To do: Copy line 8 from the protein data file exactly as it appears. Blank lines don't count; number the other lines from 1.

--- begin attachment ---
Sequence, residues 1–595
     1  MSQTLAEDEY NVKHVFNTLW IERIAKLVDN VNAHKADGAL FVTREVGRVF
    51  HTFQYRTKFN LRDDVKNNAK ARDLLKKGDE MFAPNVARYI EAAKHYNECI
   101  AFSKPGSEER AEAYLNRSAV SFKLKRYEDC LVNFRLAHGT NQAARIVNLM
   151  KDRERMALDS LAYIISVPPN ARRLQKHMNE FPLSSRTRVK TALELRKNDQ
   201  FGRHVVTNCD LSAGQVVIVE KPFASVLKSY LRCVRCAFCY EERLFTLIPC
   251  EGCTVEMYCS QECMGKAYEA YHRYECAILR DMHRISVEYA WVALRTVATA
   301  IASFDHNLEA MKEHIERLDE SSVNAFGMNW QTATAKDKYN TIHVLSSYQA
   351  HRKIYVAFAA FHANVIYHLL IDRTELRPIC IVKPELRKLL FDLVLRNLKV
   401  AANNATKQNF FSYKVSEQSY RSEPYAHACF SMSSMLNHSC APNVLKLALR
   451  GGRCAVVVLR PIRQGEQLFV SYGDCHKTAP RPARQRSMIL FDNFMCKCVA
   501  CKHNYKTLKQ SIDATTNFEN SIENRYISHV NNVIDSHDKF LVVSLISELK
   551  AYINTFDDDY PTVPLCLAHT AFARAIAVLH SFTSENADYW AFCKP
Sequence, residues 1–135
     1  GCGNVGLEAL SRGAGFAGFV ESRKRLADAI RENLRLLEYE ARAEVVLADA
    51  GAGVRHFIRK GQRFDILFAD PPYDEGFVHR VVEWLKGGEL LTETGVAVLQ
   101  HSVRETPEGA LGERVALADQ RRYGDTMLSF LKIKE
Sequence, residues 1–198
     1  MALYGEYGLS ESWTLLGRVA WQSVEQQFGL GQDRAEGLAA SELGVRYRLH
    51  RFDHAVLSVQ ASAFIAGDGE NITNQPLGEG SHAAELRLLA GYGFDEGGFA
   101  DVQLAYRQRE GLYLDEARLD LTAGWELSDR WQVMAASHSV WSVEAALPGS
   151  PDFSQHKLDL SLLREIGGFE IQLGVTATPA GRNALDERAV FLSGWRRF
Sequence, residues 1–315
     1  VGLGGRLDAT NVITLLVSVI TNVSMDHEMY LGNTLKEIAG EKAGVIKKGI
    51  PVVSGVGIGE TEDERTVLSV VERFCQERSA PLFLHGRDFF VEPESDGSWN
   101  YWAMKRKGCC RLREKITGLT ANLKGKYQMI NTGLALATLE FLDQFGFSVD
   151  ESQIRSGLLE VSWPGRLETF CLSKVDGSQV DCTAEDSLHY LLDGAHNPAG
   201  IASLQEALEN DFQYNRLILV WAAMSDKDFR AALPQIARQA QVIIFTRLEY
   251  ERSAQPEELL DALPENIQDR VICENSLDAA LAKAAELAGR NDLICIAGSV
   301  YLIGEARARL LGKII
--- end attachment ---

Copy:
   301  IASFDHNLEA MKEHIERLDE SSVNAFGMNW QTATAKDKYN TIHVLSSYQA